"I felt like I was sitting on the dock at a cottage, eavesdropping on the neighbours. Mating for Life is like overhearing all the juiciest family drama—without any fear of hearing your own name. I found myself slipping away at every spare moment to turn the next page. Marissa Stapley has created an interconnected story of unique, believable, relatable women. I absolutely loved this book." (Chantel Guertin bestselling author of Stuck in Downward Dog)
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Top customer reviews
Anyways, let's get on to the bones of the book! This story centers around Helen (a former folk singer) and her three daughters Liane, Ilsa and Fiona. Helen was never one to be about commitment and because of this it has affected each of her daughters differently. Fiona, who values truth and stability without drama, is about to find out something her husband has kept from her for awhile. The order that she is accustomed to is no longer present. She has to find a way to get it back, with or without her husband. Isla who is on her second marriage is being tempted to not stay faithful in her marriage. She is trying to figure out if she can not give in or live a lie. Liane has finally met someone wonderful but she does not know what to do if the magic and happiness of her relationship are not there anymore. She is letting that fear seep into her relationship and then in turn making it difficult to still have magic in it. Helen is also struggling with the fact that she has found someone she wants to be with, but feels like marriage is just too much of a commitment. She wants to just be happy about the fact that they are together. I will not tell you how any of these relationships turn out (read or buy the book!), but I will tell you it is like real life: some work out with work and some can never be salvaged once the damage is done.
Each of the characters had their own unique voice. Some of the stories were heartbreaking to read, but you learned something from each of them. They were so well written that you really cared about what happened to them. I liked that it felt realistic too. Not everyone gets what they want out of life, but most people try. This also showed that some of the worst things have the best outcomes. This book showed that you should treasure and appreciate people and the bonds that you have with them. Helen realizes some of the things that she failed to do as a parent, but at the time that they happened, she thought she was doing the right thing. She never thought that her independence would come back to hurt her girls or herself. Fiona learns that just because things are not perfect that her life is bad. Isla learns to find her own voice again with her painting and to find what makes her happy. Liane learns to just be happy in the moment and love what you have around you. Those are all great lessons that most people probably learn at some point in your life. The when is usually is what is different. Is it too late to cherish someone or can you truly be happy with your life? What makes one person happy does not necessarily mean it will make someone you know happy as well. Marissa has a great book under her belt and I can't wait to see more from her! What an awesome and thought provoking book!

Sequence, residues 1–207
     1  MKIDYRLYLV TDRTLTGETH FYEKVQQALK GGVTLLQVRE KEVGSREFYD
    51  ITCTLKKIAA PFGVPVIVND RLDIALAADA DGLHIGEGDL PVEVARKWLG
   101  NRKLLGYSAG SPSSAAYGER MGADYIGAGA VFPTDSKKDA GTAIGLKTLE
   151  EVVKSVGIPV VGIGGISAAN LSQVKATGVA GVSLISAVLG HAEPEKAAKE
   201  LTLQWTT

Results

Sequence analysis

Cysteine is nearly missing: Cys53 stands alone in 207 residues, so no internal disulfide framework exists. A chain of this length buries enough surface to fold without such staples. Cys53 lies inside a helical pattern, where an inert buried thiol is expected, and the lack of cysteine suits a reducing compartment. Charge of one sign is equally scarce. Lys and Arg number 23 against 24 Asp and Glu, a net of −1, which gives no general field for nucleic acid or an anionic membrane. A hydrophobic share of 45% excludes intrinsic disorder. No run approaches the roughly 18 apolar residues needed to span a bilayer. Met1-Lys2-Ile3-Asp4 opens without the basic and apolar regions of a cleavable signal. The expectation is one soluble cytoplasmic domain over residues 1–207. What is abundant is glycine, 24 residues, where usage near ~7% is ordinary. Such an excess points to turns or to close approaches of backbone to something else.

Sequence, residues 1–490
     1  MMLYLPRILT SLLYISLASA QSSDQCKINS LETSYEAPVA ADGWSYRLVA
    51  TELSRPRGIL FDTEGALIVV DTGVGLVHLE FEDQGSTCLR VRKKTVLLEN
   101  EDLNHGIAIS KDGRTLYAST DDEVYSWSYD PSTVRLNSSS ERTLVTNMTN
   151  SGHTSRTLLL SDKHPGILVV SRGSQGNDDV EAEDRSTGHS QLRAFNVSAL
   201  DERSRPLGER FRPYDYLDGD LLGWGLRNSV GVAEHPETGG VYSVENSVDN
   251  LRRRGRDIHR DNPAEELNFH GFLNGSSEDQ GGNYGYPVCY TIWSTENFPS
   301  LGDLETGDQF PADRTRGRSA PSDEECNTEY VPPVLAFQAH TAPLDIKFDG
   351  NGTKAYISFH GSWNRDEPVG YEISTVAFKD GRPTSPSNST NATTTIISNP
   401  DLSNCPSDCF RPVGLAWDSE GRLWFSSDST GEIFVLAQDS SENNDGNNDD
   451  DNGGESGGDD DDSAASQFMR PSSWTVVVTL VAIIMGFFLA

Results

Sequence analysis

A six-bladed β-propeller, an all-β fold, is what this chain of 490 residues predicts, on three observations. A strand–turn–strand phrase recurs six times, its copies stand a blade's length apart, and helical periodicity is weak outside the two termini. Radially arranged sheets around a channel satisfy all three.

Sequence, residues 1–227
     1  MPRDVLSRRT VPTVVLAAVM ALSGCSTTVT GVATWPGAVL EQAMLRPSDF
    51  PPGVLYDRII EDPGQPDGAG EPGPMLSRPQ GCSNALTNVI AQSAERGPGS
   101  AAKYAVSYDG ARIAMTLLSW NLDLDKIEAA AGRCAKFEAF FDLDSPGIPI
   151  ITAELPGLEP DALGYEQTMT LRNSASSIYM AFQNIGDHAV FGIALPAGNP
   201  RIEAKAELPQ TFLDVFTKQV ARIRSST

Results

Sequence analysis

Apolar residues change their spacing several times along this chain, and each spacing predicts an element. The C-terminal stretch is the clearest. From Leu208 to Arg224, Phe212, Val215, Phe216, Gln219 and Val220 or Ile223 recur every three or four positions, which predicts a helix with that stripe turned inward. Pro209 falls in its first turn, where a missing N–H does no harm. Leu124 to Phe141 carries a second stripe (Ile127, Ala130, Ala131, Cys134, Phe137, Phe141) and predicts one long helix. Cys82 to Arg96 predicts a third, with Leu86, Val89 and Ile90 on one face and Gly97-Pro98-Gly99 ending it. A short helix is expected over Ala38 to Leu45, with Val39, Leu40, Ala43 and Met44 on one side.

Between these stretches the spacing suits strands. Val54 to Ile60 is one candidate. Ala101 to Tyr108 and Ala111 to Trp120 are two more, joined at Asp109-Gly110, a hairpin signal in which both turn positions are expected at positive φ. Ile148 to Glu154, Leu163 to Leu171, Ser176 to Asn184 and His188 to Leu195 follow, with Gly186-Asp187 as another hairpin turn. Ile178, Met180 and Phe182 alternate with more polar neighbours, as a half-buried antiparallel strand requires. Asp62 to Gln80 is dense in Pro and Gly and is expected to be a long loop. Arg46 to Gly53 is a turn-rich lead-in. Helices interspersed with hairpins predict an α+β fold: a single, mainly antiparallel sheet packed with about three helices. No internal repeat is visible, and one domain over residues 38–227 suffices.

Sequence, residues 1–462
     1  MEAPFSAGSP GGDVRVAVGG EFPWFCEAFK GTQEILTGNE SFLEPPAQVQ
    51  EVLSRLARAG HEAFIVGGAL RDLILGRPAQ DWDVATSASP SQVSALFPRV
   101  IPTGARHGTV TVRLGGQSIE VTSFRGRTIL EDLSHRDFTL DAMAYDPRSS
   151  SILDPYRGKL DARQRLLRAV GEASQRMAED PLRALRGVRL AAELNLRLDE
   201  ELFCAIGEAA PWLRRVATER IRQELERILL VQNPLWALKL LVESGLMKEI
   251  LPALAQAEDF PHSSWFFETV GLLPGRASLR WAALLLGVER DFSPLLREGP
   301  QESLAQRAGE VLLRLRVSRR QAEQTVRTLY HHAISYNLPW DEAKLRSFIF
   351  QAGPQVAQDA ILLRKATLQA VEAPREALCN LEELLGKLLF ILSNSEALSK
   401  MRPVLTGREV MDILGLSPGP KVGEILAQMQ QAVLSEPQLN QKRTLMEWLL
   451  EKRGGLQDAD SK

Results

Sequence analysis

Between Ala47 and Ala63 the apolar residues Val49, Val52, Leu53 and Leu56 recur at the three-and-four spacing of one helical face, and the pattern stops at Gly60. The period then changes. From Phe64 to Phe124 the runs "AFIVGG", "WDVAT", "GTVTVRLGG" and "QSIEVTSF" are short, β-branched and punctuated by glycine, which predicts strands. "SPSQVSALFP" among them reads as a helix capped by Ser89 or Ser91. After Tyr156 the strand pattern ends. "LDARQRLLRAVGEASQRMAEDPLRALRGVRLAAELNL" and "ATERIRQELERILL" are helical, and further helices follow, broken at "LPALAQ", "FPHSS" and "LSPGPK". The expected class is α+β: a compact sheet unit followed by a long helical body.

*I received my copy from NetGalley.com in exchange for an honest review.
For Fiona, marriage has been wonderful, or at least it was until her husband unleashed a secret that makes her question everything about him. Isla, on the other hand, is coping with an overworked husband in ways that will likely backfire. Meanwhile, Liane is having trouble figuring out exactly what love looks like, and her free-spirited, never-married mother isn’t much help. As each woman keeps secrets from the others in the family, Mating for Life explores the underbelly of marriage in its rawest and truest form.
What Stapley does very well is to create characters that the reader is invested in. The issues that the women face are both serious and sometimes common issues faced in marriages, so even if the reader hasn’t experienced it firsthand, it’s easy to become emotionally invested in each of the women’s lives. Another neat thing that Stapley does, which goes along with the title, is to start each chapter off with a brief description of the mating habits of different animals. Not only are the tidbits interesting, but they connect with the story in a subtle and unexpected way. In other words, if you blink, you’ll miss it. Lastly, I love that the family lake house is an integral part of the book. Like Hannah Richell (reviews here), Stapley incorporates a physical location that is equally as important as the characters even though it is a seemingly minor part of the book.
The only minor complaint I have about the book is that there were a few solitary chapters told by peripheral characters, and while I see the value of their stories, there may have been a better way to incorporate them. In fact, I could see one of the secondary storylines becoming a book all on its own (when you read the book, you’ll know who I am talking about. In the end, however, each character had an important role to play and the book would not have been complete without them.
If you enjoy alternating storytellers or books about the lives of women (without being light or romanc-y), then Mating for Life is a good one to pick up. When you do, be prepared to see a bit of yourself and/or your friends in it, because it touches on some of the universal aspects of women’s relationships.